Abstract: Small highly absorbing particles, present in concentrations of only 1 part per million by weight (ppmw) or less, can lower snow albedo in the visible by 5–15% from the high values (96–99%) predicted for pure snow in Part I. These particles have, however, no effect on snow albedo beyond 0.9 μm wavelength where ice itself becomes a strong absorber. Thus we have an attractive explanation for the discrepancy between theory and observation described in Part I, a discrepancy which seemingly cannot be resolved on the basis of near-field scattering and nonsphericity effects. Desert dust and carbon soot are the most likely contaminants. But careful measurements of spectral snow albedo in the Arctic and Antarctic paint to a “grey” absorber, one whose imaginary refractive index is nearly constant across the visible spectrum. Thus carbon soot, rather than the red iron oxide normally present in desert dust, is strongly indicated at these sites. Soot particles of radius 0.1 μm, in concentrations of only 0.3 pp...

1,286 citations

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TL;DR: In this paper, a 16-year period (1962-77) with respect to the phase of the equatorial quasi-biennial oscillation (QBO) was used to find that the observed zonal mean geopotential height at high latitudes is significantly lower during the westerly phase of QBO than during the easterly phase in all months composited.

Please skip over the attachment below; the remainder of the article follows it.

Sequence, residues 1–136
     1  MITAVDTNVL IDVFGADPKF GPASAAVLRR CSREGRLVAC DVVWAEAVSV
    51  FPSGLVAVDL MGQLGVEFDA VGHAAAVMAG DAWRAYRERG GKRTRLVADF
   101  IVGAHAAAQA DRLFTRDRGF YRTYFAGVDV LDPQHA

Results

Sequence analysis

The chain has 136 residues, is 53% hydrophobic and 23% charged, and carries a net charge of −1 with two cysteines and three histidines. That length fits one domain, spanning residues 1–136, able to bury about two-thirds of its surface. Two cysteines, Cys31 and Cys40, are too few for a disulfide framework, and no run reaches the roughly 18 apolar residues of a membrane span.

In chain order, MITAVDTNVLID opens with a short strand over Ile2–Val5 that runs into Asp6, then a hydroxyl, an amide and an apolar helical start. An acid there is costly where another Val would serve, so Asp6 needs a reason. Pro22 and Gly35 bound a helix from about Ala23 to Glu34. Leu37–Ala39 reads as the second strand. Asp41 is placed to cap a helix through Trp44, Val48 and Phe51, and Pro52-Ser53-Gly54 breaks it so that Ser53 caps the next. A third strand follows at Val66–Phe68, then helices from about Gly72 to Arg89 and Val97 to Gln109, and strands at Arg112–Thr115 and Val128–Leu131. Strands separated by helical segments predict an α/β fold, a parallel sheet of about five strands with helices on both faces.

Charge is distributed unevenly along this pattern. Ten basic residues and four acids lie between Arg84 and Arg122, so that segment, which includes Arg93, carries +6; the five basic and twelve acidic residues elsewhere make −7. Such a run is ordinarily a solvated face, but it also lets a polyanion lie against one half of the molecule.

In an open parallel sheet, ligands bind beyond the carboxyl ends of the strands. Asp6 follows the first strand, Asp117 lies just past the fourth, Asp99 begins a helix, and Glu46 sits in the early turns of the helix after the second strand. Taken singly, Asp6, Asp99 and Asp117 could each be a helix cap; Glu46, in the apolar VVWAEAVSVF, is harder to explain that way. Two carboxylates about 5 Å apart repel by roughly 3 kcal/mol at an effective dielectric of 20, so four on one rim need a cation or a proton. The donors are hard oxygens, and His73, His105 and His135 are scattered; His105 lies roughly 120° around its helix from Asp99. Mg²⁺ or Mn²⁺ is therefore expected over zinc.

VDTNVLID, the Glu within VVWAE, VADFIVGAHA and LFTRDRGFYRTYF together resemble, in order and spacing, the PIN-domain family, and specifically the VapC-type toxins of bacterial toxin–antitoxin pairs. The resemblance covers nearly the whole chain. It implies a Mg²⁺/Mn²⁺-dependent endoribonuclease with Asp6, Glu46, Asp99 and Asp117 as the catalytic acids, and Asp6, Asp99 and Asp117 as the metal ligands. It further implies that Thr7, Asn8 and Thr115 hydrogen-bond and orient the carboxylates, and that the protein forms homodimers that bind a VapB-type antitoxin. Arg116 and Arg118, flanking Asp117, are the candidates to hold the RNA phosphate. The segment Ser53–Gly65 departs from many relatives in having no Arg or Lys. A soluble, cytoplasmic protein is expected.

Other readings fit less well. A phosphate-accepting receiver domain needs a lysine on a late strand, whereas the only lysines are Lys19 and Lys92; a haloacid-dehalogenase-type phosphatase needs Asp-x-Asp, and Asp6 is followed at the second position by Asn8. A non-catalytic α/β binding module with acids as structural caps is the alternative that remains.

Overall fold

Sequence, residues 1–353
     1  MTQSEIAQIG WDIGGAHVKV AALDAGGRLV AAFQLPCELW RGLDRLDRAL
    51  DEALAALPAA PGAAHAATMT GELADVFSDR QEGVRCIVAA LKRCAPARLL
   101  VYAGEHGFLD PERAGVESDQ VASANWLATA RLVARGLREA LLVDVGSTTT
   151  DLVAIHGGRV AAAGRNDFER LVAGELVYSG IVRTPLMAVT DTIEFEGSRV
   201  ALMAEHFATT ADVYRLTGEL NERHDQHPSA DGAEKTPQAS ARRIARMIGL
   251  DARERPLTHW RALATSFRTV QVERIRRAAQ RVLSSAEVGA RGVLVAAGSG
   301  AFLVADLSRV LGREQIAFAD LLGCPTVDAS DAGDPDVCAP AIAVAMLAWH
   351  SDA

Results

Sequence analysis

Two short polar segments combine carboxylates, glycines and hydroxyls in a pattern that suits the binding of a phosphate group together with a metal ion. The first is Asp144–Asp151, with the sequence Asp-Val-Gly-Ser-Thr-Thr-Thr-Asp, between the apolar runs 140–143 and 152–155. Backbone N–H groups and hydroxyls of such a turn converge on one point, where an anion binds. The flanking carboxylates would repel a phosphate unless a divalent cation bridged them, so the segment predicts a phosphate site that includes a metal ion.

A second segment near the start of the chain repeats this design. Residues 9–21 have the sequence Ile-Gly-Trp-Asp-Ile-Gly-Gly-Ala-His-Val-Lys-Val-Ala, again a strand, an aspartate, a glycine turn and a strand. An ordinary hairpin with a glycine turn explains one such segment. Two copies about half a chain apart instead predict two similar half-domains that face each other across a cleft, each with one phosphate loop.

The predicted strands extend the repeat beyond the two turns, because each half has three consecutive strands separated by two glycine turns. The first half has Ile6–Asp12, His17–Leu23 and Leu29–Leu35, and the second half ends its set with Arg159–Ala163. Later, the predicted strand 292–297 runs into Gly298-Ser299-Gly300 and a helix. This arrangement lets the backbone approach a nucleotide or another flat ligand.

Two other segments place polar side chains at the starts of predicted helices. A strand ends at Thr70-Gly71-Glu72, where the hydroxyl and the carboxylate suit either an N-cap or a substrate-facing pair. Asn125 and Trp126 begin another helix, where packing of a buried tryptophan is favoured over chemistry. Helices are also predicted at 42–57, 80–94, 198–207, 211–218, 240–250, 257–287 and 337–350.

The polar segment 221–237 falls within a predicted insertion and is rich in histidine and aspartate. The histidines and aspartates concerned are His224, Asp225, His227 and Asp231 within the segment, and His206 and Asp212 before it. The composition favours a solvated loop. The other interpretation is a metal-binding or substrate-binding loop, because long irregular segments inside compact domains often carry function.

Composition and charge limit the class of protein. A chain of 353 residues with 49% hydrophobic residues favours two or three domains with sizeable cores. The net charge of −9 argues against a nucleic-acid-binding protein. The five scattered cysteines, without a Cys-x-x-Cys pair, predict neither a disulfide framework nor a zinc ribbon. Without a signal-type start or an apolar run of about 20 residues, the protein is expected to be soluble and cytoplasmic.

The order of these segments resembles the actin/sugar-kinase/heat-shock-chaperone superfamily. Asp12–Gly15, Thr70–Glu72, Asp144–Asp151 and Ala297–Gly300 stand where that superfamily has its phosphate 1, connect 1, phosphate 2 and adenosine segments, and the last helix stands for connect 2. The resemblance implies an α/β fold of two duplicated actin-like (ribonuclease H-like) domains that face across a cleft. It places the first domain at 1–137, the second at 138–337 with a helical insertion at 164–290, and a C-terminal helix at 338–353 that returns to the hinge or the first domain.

Abstract: Monthly mean Northern Hemisphere 50 mb geopotential heights for a 16-year period (1962-77) are composited with respect to the phase of the equatorial quasi-biennial oscillation (QBO). The observed zonal mean geopotential height at high latitudes is significantly lower during the westerly phase of the equatorial QBO than during the easterly phase in all months composited. For this 16-year sample we find that in early winter (November-December) the amplitude of planetary wavenumber 1 is nearly 40% stronger during the easterly phase of the equatorial QBO. In late winter (January-March) the amplitude of planetary wavenumber 2, on the other hand, is nearly 60% stronger during the westerly phase of the equatorial QBO. Data from an additional 6-year sample show a similar wavenumber 1 signal during the November-December period. However, an additional 4-year sample does not support our conclusions concerning wavenumber 2 during the January-March period. Composites based on zonal wind data from a longitudi...